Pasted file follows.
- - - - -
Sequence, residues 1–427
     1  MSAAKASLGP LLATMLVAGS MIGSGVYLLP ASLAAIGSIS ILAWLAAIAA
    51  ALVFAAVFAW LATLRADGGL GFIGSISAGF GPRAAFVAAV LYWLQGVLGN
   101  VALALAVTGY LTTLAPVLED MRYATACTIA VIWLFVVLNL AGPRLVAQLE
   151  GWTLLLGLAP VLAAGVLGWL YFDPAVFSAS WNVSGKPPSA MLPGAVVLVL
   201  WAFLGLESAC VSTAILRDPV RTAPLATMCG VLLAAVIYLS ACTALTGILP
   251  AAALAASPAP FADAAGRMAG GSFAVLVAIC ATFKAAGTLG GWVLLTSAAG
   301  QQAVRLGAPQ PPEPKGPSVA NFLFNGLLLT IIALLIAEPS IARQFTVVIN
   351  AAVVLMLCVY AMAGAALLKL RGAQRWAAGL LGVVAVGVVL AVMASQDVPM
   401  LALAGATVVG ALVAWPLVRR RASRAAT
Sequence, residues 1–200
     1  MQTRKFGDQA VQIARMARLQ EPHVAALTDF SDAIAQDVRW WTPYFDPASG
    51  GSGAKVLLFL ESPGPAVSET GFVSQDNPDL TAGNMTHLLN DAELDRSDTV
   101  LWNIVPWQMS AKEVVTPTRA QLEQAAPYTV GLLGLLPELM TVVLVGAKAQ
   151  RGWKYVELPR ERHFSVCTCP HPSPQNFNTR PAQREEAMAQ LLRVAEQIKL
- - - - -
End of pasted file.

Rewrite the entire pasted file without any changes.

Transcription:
Sequence, residues 1–427
     1  MSAAKASLGP LLATMLVAGS MIGSGVYLLP ASLAAIGSIS ILAWLAAIAA
    51  ALVFAAVFAW LATLRADGGL GFIGSISAGF GPRAAFVAAV LYWLQGVLGN
   101  VALALAVTGY LTTLAPVLED MRYATACTIA VIWLFVVLNL AGPRLVAQLE
   151  GWTLLLGLAP VLAAGVLGWL YFDPAVFSAS WNVSGKPPSA MLPGAVVLVL
   201  WAFLGLESAC VSTAILRDPV RTAPLATMCG VLLAAVIYLS ACTALTGILP
   251  AAALAASPAP FADAAGRMAG GSFAVLVAIC ATFKAAGTLG GWVLLTSAAG
   301  QQAVRLGAPQ PPEPKGPSVA NFLFNGLLLT IIALLIAEPS IARQFTVVIN
   351  AAVVLMLCVY AMAGAALLKL RGAQRWAAGL LGVVAVGVVL AVMASQDVPM
   401  LALAGATVVG ALVAWPLVRR RASRAAT
Sequence, residues 1–200
     1  MQTRKFGDQA VQIARMARLQ EPHVAALTDF SDAIAQDVRW WTPYFDPASG
    51  GSGAKVLLFL ESPGPAVSET GFVSQDNPDL TAGNMTHLLN DAELDRSDTV
   101  LWNIVPWQMS AKEVVTPTRA QLEQAAPYTV GLLGLLPELM TVVLVGAKAQ
   151  RGWKYVELPR ERHFSVCTCP HPSPQNFNTR PAQREEAMAQ LLRVAEQIKL